In Summary
  • Amar has won ASFA Male Fashion of the Year twice (2018 and 2019).
  • he believes the best dressed African nationalities to South Africans and Nigerians.
  • He wants to come up with a cardigan line in 2020.

Amar Jonathan is a force to reckon with in fashion. He is a two-time Abryanz Style and Fashion Awards (ASFA) ‘Male Fashionista of the Year’. Yet the head of marketing at Entim Sidai wellness sanctuary has only been a fashion influencer for just two years. He talks to Thomas Rajula about his struggle with depression and fashion

Has dressing up always been your thing?

I always kept receiving compliments like “Oh, you dress well” but it wasn’t something I would do consciously.

So how did you end up becoming a big name?

I went through a heartbreak in 2017 and it really affected me. I couldn’t concentrate at work. Hitting the gym and meditating weren’t calming me down. I started drinking to numb the pain and I became a mess. My boss asked me to take a break because I was affecting the clients’ energy at the wellness sanctuary.

I decided to take all the nice clothes I had and go for a photo shoot; looking good has always helped me feel good. When I posted those photos on my social media handles, I got overwhelming compliments. I went and bought new clothes and did another shoot which I posted. Then my following just blew up.

How did you end up as a fashion influencer?

It’s always been a passion of mine to dress well. I didn’t do it because I was looking for a career, it was just for fun. But then people approached me, like Kipato Unbranded and Platform - Two Rivers, and asked me to be their influencer because there are people who follow me for what I’m wearing and to inspire them. I get paid for the mentions on my handles.

But I neither style nor design for anyone else. I do give advice for free, though. I’ve received offers to style some celebrities but I’m a handful myself so that’s not for me. (Laughs).

How do you determine your charges?

The size of a brand and all the costs I will incur when doing campaigns for them determine how much I charge.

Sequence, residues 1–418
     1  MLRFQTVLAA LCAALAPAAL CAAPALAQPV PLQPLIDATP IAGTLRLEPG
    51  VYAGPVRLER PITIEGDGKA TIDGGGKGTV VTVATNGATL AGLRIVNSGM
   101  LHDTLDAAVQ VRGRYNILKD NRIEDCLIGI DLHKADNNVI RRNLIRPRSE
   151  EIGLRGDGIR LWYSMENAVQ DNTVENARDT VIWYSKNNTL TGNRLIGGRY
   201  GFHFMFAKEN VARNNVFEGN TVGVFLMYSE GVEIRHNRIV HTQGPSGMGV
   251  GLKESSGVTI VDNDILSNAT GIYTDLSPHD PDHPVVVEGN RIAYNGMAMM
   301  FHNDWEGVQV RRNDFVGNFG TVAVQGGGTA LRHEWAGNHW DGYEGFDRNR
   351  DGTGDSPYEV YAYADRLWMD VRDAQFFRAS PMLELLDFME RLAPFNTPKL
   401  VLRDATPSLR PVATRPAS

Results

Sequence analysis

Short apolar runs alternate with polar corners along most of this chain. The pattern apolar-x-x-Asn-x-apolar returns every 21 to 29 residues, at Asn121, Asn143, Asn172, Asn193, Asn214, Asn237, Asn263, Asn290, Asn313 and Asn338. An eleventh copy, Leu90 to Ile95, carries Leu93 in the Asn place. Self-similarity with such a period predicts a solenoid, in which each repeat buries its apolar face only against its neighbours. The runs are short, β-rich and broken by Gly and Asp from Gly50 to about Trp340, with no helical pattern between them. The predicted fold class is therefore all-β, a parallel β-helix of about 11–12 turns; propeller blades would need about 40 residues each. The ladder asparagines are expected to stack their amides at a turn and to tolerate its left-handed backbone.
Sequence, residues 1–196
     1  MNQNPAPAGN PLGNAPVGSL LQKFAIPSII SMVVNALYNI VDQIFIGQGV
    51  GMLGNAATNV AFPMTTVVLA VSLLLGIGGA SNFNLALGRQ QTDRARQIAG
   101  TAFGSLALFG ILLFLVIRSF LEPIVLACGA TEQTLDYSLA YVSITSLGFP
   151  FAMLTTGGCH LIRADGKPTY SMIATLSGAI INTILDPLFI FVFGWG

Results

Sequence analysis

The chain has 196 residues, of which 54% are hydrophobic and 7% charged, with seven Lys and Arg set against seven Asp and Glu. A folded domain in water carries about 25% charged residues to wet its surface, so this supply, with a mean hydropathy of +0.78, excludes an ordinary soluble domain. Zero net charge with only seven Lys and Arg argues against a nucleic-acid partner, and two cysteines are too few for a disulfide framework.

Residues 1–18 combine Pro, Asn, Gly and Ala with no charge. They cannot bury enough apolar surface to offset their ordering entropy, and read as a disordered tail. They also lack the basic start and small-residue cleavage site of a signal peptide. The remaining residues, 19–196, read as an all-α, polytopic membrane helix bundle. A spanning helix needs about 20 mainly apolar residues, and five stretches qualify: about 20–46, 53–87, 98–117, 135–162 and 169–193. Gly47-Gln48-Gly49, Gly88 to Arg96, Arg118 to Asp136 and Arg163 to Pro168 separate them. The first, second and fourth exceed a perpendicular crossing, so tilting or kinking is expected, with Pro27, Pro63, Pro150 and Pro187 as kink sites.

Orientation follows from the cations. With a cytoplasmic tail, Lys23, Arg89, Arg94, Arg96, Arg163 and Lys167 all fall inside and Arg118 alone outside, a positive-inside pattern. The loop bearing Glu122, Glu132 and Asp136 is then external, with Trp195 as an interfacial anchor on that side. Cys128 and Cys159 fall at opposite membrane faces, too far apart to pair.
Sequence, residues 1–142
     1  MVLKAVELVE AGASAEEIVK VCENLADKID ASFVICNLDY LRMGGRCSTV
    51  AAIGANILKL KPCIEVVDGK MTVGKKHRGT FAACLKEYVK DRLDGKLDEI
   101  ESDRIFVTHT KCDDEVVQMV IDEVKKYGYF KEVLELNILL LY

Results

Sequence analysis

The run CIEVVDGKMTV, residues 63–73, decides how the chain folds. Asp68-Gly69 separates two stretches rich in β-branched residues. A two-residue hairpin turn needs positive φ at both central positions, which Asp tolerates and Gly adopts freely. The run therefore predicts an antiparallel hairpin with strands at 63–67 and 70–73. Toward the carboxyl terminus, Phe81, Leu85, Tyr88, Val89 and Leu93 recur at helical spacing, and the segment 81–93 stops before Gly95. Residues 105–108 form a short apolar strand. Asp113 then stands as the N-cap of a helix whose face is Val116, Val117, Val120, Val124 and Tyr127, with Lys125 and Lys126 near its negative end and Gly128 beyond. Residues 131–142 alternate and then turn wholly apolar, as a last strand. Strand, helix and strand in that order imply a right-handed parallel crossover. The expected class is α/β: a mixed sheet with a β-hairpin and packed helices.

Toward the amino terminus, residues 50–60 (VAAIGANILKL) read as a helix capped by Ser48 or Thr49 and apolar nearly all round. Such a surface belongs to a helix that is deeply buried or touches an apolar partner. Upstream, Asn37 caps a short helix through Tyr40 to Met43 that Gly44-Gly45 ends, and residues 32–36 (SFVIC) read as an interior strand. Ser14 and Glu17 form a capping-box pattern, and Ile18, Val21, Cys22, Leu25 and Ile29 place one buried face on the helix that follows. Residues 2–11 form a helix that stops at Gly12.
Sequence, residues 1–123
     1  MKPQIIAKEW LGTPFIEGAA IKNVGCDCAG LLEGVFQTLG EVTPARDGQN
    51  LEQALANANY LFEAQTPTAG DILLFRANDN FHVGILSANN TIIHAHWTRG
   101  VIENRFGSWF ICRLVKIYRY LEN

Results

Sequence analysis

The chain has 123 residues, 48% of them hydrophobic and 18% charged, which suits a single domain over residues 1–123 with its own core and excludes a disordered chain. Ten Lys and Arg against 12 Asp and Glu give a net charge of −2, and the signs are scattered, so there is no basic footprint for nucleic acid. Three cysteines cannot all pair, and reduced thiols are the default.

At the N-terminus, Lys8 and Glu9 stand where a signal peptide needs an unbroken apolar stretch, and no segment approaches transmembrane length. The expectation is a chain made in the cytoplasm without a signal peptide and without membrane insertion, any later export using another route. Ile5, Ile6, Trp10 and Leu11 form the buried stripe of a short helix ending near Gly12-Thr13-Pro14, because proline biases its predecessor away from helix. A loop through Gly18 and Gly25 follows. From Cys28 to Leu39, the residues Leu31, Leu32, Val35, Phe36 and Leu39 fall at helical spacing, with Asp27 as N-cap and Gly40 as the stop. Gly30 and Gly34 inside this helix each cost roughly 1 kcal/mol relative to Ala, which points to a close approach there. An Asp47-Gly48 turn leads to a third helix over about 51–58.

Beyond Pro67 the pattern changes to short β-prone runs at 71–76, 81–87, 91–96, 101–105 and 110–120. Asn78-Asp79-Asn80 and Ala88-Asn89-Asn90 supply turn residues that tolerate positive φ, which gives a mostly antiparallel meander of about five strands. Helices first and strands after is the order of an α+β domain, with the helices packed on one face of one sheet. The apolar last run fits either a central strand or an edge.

Do you also design your outfits?

I direct the tailors on what I want to wear. I will tag people who’ve made my clothes but you find people commenting that they’ve never seen those particular designs. It’s because they come from my head.

What inspires how you put a look together then?

I just always want to look different, unique; wear something someone else has never worn. Most times I won’t even wear an outfit until it’s been retouched at least three times. But that’s just for special occasions, otherwise I will always be late to work.

Must be a good feeling to be at fashion-related events, huh?

I get invited because of my fashion sense. When I go there I need to look the part because everyone will be eager to see what I’m wearing. I also go to see what everyone is wearing and what they are doing to their outfits. But Kenyan men rarely go out of the suits or t-shirts and jeans safe zones. (Laughs).

So, which nationalities do you feel dress for well for occasions?

South Africans and Nigerians; they go all out. I admire Denola Gray’s (Nigerian) style the most.

Male fashionista and two-time ASFA Male Fashion of the Year recipient (2018 and 2019) Amar Jonathan. PHOTO | COURTESY

How did it feel like winning ASFA for two years in a row?

It feels good. But you ask yourself "why me?", since there are people who dress better and have more following than I do; is it simply about fashion, or the person as well? The public influences 30 per cent of the outcome while the rest is determined by the panel.

I was so confused the first time I won, I remember saying “Africa is a beautiful country”. I wasn’t prepared to win. (Laughs). I had a speech this time, just in case. When they called me up I forgot everything I had memorised and it was a similar situation. (Laughs).

Why do you think people gravitate towards your page?

I looked at some pages and how they handled their interactions before, but I am just myself with my audience. I write captions based on what I feel so that I directly communicate with them.

That’s why Neomi Ng’ang’a and I became good friends. We’re both real people and we encourage each other.

How can you differentiate who’s really your friend?

It’s hard to tell, honestly. But from the conversations, you’ll definitely know who wants to use you because they will demand something at some point.

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